Biographer Richard Holmes wrote a book about writing books – specifically, biographies.
“This exhilarating book, part biography, part autobiography…shows the biographer as sleuth and huntsman, tracking his subjects through space and time.” – Observer
On the face of it Footsteps: Adventures of a Romantic Biographer describes how Holmes retraced, on foot, a journey made through France by his subject Robert Louis Stevenson. What Footsteps really describes, though, is how the biographer’s journey both captured and failed to capture the subject.
Footsteps is a book worth reading and having myself just followed in the footsteps of Elizabeth Macarthur (I went to Bridgerule, the English village where she grew up) I find myself wondering what, if anything, the visit has added to my research.
The answer is: detail.
I learned what a person born in North Devon sounds like.
I learned that Lodgeworthy Farm was spelt Loudgeworthy on Elizabeth’s father’s grave. Loudgeworthy is what Lodgeworthy sounds like when a person from North Devon says it to a stonemason in Plymouth.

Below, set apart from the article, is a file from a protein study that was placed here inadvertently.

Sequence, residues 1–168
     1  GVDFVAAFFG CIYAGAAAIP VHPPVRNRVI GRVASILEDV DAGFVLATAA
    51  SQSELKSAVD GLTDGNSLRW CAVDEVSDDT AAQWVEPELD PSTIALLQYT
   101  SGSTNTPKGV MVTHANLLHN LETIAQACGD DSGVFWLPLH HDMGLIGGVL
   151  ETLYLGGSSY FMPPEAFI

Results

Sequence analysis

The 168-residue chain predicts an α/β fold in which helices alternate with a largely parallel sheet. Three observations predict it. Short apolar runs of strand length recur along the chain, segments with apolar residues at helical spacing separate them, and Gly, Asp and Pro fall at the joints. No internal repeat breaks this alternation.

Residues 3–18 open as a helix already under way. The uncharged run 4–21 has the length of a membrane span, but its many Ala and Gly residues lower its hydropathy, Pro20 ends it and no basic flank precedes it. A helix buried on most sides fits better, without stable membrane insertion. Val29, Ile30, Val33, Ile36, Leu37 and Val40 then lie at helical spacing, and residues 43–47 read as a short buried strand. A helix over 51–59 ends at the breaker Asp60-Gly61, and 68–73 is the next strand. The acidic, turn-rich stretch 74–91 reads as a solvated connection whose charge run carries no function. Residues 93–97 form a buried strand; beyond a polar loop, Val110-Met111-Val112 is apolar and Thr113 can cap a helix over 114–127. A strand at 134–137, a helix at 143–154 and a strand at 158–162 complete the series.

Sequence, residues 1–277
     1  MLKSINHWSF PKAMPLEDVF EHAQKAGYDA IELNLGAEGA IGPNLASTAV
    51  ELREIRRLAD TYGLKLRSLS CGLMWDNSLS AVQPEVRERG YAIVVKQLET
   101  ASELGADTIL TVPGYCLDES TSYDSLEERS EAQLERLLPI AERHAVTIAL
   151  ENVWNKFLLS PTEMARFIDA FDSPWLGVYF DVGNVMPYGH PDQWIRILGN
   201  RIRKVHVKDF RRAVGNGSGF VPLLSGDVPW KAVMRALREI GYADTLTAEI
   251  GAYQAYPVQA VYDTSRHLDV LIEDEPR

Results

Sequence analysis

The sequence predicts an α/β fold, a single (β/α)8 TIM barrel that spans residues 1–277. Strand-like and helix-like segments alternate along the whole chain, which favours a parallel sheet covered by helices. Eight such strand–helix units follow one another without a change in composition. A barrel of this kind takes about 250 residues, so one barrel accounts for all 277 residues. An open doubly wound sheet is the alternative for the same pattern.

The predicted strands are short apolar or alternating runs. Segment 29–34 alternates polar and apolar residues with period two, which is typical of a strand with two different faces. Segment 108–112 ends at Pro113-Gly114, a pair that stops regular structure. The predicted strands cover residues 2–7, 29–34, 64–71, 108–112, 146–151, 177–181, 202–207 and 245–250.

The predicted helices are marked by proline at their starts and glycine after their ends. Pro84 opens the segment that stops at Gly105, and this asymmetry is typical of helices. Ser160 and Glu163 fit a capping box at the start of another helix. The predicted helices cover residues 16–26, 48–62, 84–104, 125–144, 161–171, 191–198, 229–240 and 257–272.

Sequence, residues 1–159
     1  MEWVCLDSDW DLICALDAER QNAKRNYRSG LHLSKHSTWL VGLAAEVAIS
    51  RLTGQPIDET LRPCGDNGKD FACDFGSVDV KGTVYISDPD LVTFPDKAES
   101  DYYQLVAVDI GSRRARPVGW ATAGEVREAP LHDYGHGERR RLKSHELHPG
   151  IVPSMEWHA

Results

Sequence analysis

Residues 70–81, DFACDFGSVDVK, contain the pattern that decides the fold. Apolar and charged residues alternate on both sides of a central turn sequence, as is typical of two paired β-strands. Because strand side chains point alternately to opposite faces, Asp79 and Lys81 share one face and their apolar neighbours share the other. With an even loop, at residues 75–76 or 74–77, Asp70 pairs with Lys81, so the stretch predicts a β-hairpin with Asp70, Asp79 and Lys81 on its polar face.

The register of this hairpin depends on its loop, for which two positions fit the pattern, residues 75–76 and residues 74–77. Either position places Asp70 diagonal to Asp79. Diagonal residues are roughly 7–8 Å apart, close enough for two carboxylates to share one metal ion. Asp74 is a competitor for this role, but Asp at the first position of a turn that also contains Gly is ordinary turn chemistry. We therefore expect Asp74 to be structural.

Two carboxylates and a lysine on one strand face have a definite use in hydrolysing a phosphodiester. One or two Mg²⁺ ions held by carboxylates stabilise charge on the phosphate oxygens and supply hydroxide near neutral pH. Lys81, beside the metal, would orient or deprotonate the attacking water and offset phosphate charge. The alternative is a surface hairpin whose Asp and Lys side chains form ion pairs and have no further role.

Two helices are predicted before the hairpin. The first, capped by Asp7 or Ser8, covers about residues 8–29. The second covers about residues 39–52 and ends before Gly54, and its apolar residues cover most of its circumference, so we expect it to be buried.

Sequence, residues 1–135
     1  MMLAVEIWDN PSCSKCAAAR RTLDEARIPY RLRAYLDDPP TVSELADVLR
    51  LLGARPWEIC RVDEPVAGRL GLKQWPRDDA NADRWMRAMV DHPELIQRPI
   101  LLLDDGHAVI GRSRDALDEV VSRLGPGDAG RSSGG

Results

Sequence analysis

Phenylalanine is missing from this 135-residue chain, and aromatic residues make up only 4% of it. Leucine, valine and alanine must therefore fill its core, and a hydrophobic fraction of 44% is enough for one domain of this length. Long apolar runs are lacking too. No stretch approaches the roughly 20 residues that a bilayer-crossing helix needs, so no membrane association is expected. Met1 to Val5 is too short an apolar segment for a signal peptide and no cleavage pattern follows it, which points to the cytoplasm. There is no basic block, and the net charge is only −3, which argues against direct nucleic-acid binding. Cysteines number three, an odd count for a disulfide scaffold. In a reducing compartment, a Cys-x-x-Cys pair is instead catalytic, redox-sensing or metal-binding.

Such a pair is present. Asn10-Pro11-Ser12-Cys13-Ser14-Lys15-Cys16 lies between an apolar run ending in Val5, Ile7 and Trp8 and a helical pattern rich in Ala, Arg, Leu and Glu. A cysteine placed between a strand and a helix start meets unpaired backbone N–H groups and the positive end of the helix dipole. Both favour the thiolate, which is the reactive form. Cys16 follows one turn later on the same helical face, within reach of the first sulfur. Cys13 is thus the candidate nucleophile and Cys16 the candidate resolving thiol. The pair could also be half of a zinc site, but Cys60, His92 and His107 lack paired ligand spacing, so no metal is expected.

I learned the name of Elizabeth’s little sister, who died aged two years and 9 months, at Lodgeworthy.
I saw that Lodgeworthy is physically central to the village and, because Lodgeworthy’s field by the river (delightfully named The Ham) is used each year for the village summer carnival, I learned that Lodgeworthy is emotionally central to the village too.
I learned about the Veale family tree.
I learned about the topography of Bridgerule, and the distance that sound of the bells of St Bridget can carry on a clear day.
I learned about ghosts, and gardens, and the open friendliness of Bridgerule villagers.
I probably even learned something about myself.
More blog posts about Bridgerule: